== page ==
Darker Nights, Brighter Days: Top Tips for Beating the Winter Blues

Winter Wellbeing

Winter is a challenging time of year in the UK with the weather turning colder, wetter, and the days shorter. Despite it being an annual occurrence, we often find ourselves shocked at the darker mornings and longer nights as they set in, wistfully wishing for summer days to return.

Wellbeing is an integral part of our ongoing education strategy, making it a priority for each of our four international schools to focus on. Winter, however, is a time of year where wellbeing and mental health are especially important, particularly through 2020 and into 2021 with the ongoing impact of the COVID-19 pandemic and ongoing restrictions in place for socialising, co-curricular and additional activities.

 

“Wellbeing is more important than ever at the moment. When looking to make changes to your wellbeing, make sure they are realistic and that you are able to sustain them over time. Something is better than nothing when it comes to wellbeing, and being able to integrate wellbeing into your life consistently, even if it is a small amount over time, is where the real impacts come.”

Khalil Rener, ACS International Schools Wellbeing Consultant 

 

Here are top tips on how to beat the winter blues, and face the wintery days ahead with a new sense of optimism.

  • There is a Swedish term of phrase “Det finns inget dåligt väder, bara dåliga kläder” which translates to “there is no bad weather, only bad clothes”. Sweden finds itself shrouded in darkness through winter with just 5 hours 43 minutes of daylight, so there’s plenty to learn from their approach. Come rain, shine, wind or snow; dress up warm and you’re ready to go. Exposure to sunlight where we have it, and fresh air outdoors is essential for our wellbeing and health; improving our digestion, blood pressure and immune systems. A brisk walk, jumping in puddles and tidying up the garden; it all adds up. UK Active shares some ideas about staying more physically active during winter months.

 

  • Enjoying the small things. There is a typical vision of the winter and holiday season where we’re curled up under a blanket, by a fire and drinking hot drinks. But, how often do we do it? Indulge yourself throughout the winter period with some quiet, cosy down-time to enjoy that cozy warm feeling. Read a book, do a crossword puzzle, colouring in or just simply ‘be’, taking some time out of your day or week to focus on you. Mindfulness is an excellent skill for younger children to learn, giving them a tool for tools for self-regulation. Just two exercises you can easily do are to notice 5 things around you, and take 10 deep breaths.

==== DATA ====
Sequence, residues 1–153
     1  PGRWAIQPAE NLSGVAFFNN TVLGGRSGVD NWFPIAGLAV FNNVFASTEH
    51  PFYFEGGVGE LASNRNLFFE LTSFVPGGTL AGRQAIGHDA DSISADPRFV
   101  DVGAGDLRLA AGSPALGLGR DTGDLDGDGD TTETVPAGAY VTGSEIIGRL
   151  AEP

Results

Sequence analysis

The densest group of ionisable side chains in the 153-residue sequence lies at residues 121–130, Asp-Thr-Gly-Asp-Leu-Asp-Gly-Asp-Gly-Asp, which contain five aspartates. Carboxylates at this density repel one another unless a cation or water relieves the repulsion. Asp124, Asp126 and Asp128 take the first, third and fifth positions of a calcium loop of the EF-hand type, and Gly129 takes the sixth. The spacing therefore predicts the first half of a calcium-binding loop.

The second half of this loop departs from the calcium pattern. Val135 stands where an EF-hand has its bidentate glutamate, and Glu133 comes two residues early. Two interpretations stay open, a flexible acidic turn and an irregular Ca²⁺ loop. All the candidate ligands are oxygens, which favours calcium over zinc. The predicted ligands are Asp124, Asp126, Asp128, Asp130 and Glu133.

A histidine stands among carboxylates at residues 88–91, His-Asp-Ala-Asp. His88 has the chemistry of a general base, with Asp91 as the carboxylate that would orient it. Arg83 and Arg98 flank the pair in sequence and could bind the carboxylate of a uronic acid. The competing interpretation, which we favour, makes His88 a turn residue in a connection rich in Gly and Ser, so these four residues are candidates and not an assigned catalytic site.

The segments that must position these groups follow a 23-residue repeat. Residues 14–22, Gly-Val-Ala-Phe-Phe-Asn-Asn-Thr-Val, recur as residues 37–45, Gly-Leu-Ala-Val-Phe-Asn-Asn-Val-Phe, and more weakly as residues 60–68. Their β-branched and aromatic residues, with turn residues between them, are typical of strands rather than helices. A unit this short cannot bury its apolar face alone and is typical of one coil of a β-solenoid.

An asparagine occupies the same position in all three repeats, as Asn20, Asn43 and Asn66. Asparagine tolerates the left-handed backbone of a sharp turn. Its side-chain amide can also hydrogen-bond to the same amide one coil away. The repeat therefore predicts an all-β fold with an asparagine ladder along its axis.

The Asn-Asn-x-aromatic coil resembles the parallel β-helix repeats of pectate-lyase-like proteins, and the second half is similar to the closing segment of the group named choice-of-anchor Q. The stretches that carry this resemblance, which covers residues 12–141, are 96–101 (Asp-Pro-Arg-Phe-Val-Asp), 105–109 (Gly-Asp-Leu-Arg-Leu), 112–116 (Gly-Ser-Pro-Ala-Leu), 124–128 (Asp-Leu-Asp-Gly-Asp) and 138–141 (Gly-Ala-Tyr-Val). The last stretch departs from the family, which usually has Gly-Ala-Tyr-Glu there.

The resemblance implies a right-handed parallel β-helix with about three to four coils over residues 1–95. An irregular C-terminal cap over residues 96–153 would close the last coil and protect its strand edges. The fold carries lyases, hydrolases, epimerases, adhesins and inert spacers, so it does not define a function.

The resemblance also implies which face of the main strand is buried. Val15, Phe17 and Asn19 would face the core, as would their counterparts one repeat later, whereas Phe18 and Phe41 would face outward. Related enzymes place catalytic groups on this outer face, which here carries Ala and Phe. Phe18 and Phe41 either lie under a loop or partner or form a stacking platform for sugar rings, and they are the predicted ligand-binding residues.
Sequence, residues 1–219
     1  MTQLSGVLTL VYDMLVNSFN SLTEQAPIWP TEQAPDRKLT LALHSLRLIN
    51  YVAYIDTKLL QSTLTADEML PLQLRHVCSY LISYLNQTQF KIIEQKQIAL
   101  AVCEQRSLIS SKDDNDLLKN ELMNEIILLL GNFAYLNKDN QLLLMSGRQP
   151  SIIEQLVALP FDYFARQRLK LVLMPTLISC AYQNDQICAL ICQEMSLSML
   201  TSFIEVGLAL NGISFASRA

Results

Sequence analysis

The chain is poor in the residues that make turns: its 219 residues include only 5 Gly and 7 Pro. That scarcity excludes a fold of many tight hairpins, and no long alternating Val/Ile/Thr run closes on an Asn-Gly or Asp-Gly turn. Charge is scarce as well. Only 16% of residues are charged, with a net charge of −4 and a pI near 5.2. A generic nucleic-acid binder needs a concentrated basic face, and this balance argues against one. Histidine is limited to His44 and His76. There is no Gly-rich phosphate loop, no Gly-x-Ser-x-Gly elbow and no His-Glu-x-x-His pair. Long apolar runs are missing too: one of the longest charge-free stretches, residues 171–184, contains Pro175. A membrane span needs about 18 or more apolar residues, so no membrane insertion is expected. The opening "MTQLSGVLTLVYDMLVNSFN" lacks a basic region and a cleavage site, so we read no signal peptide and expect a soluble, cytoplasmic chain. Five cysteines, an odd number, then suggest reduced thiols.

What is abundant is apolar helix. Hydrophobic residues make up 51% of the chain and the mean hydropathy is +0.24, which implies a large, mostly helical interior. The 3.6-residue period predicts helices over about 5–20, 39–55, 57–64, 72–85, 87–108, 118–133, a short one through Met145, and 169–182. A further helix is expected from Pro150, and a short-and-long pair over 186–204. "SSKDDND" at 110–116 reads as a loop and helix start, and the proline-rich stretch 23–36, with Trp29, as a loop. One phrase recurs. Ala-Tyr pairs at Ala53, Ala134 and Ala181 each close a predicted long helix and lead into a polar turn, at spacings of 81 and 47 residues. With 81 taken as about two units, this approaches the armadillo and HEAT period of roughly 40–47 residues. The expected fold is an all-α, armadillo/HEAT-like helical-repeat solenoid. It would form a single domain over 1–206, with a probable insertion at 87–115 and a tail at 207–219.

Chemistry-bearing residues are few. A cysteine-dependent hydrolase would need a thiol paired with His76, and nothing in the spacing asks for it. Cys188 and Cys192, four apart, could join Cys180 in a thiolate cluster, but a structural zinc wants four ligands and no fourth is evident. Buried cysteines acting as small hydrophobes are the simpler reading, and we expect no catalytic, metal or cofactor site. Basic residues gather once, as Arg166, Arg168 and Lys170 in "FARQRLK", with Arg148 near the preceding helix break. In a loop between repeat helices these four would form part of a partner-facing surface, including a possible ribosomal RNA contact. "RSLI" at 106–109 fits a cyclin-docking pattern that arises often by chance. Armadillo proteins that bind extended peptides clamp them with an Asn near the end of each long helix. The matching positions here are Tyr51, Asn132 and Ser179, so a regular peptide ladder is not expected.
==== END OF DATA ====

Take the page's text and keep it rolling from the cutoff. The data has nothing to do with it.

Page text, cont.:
• During summer months we find it easier to drink plenty of water and fluids, because it’s hot; the days are longer and we’re thirsty. We need just as much fluid intake during winter, but we rarely drink as much as we should because we’re colder and feel less thirst. Instead we can find ourselves substituting water for hot drinks such as tea, coffee, hot chocolates; which all contain high levels of caffeine or sugars. So before you instinctively boil the kettle, have a glass of water first, and encourage children to do the same, or choose herbal teas to satisfy your hot drink cravings. Among many benefits, drinking plenty of water regularly significantly boosts our energy levels and brain function - essential for the school environment.

 

  • Technology offers us endless opportunity for activities, interaction, socialising online with friends and family. The downside? You’re constantly reminded of the time, your phone is filled with endless distractions, and you can find yourself looking outside thinking “is it really only 6pm?” Putting phones and technology away and indulging in the simpler activities in life can whittle the hours away, and lead to a new level of interaction and fun. Board games, puzzles, colouring, quiz books. These are activities used regularly in our boarding houses at ACS Cobham to engage students in alternative activities. Top tip… make sure everyone is aware of the rules from the beginning, especially where games like Monopoly are involved!

 

  • Comfort food doesn’t have to be unhealthy food. Whilst we all have our go-to comfort snacks, they’re rarely foods or snacks that are good for us or help to maintain our vitamin requirements. Healthy fruits and vegetables help to keep us going, keep our minds fresh and bodies active, especially important for students during the winter months. Hearty soups, stews and casserole dishes are easy winter warmers which can be packed easily with seasonal vegetables. See what’s in season each month of the year with the National Trust.

 

  • Sleep. Let’s say it again; sleep! In summer we’re tricked to staying awake longer because it’s still light outside, in winter we lose the differentiation between night and day even further as it turns dark from 4pm disrupting our circadian rhythm. Ensure you’re getting plenty of sleep every night - it’s essential to reset our bodies, rejuvenate our hearts and vessels, increase our alertness and improve our memory.

 

Our approach to mental health at ACS International Schools is transparent, empathic and positive.

Wellbeing has never been more important, something which we recognise across ACS International Schools with our rigorous Pastoral Care programme, Personal Counsellors, support staff, 1000 hours Project initiative for our Boarders at Cobham and systems in place to support our faculty.